Learn the tools and techniques to identify, manage, and engage program stakeholders.
- If you don't know what your stakeholders' needs are, how do you know that you've delivered something of value? Let's look at how we identify our stakeholders, how we manage them, and how we keep them involved in our program. First, let's define who a stakeholder is. It is anyone who will be positively or negatively affected by your program. They very often will not know this, so it's important that the message comes from you. Trust is paramount as a program manager, so make sure you proactively communicate with your stakeholders to avoid any surprises.
Our first step is to identify our stakeholders. We put together a complete list, then we start to categorize our stakeholders. We might group them per department, region, or language might be another categorization. Our second step is to plan how you are going to keep your stakeholders engaged. The graph you see on your screen is called a Power Interest Grid. The ideas that you can place all of your stakeholders or stakeholder groups into one of the four categories of the grid.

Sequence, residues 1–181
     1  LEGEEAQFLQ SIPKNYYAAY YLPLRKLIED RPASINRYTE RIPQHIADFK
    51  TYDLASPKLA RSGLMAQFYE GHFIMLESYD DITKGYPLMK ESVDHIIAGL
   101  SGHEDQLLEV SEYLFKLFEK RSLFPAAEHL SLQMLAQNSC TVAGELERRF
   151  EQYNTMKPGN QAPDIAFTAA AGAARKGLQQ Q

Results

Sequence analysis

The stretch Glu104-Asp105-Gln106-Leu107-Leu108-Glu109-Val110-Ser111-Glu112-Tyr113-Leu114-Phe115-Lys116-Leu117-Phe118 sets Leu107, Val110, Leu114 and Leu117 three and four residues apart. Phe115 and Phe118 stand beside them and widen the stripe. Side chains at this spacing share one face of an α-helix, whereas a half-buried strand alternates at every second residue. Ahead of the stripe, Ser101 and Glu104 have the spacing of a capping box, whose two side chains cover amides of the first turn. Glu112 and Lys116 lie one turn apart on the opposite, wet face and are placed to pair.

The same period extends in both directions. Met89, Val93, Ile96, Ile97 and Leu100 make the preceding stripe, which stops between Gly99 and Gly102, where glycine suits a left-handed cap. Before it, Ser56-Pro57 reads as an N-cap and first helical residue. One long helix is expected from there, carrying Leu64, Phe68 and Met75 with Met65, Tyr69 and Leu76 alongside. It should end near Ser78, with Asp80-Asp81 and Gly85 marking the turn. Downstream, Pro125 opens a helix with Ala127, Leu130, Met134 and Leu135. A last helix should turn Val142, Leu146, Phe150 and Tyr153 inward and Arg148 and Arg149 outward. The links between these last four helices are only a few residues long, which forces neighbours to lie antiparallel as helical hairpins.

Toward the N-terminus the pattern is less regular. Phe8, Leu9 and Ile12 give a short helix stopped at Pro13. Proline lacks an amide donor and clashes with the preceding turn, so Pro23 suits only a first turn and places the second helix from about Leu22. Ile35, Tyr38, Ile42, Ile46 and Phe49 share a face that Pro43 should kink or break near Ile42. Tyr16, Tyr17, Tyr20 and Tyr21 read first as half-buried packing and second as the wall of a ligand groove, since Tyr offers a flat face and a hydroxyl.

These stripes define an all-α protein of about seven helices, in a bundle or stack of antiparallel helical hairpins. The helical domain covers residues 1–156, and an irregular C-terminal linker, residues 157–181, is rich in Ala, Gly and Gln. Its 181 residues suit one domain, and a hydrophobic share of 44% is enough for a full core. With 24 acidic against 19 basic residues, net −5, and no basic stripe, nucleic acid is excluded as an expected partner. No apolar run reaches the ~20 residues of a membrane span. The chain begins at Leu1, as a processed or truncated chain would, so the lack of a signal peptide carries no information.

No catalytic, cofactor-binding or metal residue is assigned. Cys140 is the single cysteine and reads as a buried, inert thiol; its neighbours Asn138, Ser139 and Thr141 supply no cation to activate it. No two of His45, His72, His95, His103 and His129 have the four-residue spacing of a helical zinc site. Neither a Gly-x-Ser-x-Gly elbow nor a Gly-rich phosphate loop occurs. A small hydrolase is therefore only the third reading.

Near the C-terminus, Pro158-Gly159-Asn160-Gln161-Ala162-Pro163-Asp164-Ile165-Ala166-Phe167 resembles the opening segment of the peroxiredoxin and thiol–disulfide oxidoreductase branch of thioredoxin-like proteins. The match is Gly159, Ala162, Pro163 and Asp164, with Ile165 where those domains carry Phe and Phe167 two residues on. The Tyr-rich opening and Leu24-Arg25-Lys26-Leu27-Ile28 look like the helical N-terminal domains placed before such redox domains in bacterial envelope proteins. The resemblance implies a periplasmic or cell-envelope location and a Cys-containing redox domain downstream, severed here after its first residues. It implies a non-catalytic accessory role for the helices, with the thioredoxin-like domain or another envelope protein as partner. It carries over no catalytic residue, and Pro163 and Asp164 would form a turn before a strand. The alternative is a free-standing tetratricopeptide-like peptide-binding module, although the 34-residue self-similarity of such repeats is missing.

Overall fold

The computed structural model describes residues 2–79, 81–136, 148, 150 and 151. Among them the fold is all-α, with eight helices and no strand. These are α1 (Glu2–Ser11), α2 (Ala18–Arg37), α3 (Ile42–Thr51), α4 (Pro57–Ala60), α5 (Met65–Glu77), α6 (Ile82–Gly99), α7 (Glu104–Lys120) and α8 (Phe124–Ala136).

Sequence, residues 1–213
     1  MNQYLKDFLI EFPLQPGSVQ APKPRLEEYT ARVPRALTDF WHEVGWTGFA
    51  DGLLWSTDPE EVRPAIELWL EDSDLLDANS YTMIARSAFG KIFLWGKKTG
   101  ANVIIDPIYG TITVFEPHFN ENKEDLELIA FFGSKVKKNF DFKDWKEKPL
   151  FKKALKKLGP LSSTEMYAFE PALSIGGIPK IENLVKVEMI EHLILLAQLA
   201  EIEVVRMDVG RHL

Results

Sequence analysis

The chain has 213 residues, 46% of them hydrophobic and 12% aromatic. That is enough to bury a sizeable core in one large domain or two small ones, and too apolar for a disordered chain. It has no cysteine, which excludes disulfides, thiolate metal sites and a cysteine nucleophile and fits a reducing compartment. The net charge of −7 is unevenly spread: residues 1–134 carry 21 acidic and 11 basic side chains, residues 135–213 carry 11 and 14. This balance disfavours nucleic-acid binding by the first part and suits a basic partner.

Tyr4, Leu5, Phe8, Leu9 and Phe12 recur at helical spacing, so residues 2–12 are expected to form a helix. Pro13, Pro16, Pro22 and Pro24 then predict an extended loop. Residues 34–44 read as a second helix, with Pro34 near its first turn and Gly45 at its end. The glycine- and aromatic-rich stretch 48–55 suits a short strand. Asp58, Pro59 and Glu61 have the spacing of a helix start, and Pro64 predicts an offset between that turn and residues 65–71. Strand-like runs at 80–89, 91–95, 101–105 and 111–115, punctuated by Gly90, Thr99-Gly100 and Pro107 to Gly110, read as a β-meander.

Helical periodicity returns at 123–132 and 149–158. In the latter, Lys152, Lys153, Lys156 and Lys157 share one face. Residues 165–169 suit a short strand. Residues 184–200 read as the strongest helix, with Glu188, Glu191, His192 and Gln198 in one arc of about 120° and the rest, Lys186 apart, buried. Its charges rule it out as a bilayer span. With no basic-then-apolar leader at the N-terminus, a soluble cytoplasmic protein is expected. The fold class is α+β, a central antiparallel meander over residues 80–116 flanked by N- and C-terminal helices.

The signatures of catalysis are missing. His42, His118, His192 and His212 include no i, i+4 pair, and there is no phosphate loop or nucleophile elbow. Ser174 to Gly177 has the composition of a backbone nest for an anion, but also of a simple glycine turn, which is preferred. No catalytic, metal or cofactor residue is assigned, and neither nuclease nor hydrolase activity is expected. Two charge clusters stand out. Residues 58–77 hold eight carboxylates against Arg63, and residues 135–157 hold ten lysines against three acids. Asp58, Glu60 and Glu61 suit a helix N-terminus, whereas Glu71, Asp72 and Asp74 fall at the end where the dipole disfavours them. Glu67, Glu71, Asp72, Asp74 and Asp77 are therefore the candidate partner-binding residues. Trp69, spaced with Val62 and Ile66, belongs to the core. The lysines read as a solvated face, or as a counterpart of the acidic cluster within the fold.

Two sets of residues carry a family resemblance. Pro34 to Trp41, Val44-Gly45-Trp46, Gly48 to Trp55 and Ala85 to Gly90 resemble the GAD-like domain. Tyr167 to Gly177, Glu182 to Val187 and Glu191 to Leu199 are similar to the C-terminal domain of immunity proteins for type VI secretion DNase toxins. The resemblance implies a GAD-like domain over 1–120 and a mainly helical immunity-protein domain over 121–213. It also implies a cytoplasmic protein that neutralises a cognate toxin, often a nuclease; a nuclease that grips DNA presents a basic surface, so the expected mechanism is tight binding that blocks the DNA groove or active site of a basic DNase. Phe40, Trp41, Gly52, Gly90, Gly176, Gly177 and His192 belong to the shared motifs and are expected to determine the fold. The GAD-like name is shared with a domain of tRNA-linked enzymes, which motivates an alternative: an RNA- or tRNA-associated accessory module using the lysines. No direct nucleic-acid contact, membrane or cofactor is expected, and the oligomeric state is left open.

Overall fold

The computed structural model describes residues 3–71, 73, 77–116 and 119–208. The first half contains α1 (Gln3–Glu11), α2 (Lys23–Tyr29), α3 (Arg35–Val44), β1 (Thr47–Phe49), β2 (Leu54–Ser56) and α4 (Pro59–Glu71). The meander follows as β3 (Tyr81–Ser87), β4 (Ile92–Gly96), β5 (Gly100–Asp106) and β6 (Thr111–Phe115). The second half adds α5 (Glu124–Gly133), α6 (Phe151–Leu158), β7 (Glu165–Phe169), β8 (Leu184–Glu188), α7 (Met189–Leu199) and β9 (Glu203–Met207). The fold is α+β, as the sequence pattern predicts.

Here's a description. Low power and low interest. These stakeholders just need to be monitored. Low power and high interest. You need to keep those stakeholders informed, but that's it. High power and low interest. We need to make sure this stakeholder group stays happy, but no direct involvement is required here. High power and high interest. This group needs to be directly involved and managed very closely. Most likely, this group will be your key stakeholders.
But can the use of a Power Interest Grid backfire? Yes. If you labeled your stakeholder group incorrectly, you might regret it. So figure out ways to validate your data.
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- What is program management?
- Who are program managers?
- Program versus project
- Program life-cycle phases
- Aligning programs to an organization's strategies
- Analyzing needs and planning programs
- Delivering and sustaining benefits from programs
- Working with program stakeholders
- Supporting program governance activities
- Managing program finances and resources
- Scheduling programs
- Managing program scope and quality